Seriha wrote:
But on the working hard thing, most often it'll be the healers that wind up genuinely taxed. It's why this role is often in demand because the pressure isn't something everyone can cope with and certainly don't enjoy when seeking their entertainment. I did my time in FFXI as the sub-optimal healer on RDM in Dynamis parties and all that jazz. It just wasn't fun and part of why I clamored so hard for RDM melee buffs so the job could actually break away from that fate.


By 'earning' the gear I meant putting in the time. I'll be the first and probably one of the most vocal about how trivial most of FFXIV's encounters are, but it's still an MMO and it still needs to have a mountain to climb. Run instance A a certain amount of times to accumulate a number of currency to purchase gear or even unlock harder content. Things like this need to be in the game for players to set goals to achieve and to make some sort of progress on those goals.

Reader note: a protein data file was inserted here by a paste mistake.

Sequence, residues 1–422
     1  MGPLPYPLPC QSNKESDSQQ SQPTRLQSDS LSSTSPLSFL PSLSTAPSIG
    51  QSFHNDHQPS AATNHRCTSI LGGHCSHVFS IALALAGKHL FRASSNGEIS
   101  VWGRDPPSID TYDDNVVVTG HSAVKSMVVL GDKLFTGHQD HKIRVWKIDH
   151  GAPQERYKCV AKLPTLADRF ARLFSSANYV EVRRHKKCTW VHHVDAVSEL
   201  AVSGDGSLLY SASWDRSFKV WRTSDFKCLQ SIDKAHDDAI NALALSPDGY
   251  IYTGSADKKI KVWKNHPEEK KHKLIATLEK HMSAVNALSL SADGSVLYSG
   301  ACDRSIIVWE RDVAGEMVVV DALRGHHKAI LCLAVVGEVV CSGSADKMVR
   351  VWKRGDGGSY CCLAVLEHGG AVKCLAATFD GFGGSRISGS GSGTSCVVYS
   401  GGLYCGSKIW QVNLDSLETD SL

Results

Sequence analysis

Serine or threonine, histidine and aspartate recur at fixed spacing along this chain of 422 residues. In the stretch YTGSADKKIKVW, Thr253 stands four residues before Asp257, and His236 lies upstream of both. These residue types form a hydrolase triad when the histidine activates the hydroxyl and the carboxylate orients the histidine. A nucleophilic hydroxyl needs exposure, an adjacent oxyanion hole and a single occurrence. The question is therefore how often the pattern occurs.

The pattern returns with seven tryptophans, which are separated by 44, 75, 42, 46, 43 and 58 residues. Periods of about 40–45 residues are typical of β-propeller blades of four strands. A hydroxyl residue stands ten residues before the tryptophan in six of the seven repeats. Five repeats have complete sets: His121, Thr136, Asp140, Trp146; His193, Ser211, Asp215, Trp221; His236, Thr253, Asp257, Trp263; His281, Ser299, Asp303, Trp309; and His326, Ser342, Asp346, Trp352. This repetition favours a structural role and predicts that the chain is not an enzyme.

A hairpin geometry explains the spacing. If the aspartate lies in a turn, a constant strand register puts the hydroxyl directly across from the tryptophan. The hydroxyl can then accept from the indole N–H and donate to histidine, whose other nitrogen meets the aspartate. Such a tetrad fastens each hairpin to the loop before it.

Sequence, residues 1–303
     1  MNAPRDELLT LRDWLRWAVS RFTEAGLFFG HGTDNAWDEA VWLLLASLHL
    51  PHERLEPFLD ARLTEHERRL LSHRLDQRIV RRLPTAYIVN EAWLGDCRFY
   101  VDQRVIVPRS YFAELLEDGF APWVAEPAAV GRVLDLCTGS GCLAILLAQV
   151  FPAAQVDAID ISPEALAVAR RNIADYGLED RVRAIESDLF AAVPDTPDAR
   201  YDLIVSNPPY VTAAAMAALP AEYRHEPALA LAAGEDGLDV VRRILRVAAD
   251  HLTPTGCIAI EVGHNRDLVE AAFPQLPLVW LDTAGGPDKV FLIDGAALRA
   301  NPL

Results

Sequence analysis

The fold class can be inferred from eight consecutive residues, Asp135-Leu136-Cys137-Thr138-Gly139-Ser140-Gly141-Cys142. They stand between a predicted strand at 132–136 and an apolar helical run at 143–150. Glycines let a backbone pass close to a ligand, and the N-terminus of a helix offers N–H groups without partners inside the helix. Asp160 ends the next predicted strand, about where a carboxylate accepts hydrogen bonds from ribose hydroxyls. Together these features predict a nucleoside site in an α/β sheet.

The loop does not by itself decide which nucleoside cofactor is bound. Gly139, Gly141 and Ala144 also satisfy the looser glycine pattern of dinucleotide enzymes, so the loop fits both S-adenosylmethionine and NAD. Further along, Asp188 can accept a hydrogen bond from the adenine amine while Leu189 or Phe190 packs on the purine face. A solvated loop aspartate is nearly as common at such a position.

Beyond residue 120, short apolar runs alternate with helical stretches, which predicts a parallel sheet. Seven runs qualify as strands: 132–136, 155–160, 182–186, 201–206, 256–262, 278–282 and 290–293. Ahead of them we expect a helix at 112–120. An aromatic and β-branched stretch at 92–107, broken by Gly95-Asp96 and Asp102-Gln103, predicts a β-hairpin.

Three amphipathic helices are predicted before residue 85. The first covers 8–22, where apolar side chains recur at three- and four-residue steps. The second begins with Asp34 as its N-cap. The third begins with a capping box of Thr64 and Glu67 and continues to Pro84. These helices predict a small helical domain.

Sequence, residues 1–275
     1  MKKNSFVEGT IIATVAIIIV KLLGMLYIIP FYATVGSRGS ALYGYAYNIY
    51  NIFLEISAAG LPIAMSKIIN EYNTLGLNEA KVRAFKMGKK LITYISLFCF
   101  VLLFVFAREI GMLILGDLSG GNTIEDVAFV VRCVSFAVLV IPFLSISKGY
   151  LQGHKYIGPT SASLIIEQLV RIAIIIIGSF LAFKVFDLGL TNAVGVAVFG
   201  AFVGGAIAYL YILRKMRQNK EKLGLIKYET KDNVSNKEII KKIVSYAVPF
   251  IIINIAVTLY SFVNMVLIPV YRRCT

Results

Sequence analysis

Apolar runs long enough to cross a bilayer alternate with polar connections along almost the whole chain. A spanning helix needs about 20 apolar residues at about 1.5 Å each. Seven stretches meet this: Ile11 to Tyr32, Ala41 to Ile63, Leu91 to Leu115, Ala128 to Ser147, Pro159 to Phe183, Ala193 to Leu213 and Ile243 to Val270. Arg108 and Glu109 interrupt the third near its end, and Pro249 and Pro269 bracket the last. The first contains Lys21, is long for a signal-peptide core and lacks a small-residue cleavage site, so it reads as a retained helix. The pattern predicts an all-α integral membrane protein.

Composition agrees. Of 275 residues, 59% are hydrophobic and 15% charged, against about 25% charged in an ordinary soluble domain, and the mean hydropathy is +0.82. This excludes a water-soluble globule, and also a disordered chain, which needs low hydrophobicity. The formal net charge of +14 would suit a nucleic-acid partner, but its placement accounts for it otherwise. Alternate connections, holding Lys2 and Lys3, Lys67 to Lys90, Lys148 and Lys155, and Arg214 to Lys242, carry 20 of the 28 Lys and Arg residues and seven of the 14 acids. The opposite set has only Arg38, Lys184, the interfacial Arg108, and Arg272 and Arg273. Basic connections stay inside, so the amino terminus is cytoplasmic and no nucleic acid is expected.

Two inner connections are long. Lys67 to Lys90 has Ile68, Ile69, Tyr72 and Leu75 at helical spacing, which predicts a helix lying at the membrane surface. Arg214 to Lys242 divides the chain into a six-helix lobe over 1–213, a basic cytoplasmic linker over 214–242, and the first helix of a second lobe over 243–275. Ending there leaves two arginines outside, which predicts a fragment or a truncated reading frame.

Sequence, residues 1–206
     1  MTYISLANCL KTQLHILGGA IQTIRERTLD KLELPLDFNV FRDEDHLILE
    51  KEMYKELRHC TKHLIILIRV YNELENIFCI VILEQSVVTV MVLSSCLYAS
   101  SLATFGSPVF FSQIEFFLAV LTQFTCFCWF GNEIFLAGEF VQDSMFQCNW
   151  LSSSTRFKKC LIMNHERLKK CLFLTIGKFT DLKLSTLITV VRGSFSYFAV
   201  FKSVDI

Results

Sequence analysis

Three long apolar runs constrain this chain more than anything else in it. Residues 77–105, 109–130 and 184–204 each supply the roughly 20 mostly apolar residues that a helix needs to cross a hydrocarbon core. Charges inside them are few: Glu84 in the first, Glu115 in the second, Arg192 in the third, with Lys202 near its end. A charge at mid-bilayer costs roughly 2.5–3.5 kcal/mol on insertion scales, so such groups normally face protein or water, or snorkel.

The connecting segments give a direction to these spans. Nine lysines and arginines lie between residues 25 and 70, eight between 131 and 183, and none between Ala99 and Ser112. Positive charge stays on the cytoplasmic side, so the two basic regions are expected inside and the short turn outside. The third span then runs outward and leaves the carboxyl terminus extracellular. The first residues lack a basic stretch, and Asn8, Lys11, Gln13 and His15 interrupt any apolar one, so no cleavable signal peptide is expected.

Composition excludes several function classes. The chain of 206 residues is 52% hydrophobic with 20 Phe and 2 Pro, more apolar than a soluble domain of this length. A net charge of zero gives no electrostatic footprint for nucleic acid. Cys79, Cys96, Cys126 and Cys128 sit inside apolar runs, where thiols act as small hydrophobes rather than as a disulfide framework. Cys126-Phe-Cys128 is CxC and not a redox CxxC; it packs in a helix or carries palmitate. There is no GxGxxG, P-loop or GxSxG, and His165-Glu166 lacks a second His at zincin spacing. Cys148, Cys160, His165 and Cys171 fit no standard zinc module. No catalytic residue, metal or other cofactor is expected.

XI was a different beast in that you had crap RNG to battle. I ran some areas in dynamis 50+ times before receiving the specific piece of gear I was after. Now as it stood, I felt like my wheels were spinning. I know it may sound odd but if they had instead made some sort of currency(separate from ABC) that dropped from zone bosses and they required you to trade 50 of these to a goblin for the gear, I would have felt much better about it. Yes, it still sucks to run a dyna zone 50 times for a piece of gear, but at least you leave your run knowing that you're that much closer to a goal. The same applies to raid rewards.

SE just needs to add tiered incentive for people to run the content. Complete 5 runs for a tome bonus. Complete 10 runs for a piece of rare crafting material. Complete 20 runs for a guaranteed piece of gear. Complete 40 runs to unlock hardmode ect. ect. You've got a reason for casual players to participate, a reason for crafters to participate(or incentive for players to reach out to crafters at least) and a goal for hardcore players to keep coming back to unlock harder content. It's clear they're trying to move out of the sandbox and into the themepark. It works out better when there are attractions that appeal to more than just a small group of the playerbase. It's not easy, but it's not impossible either.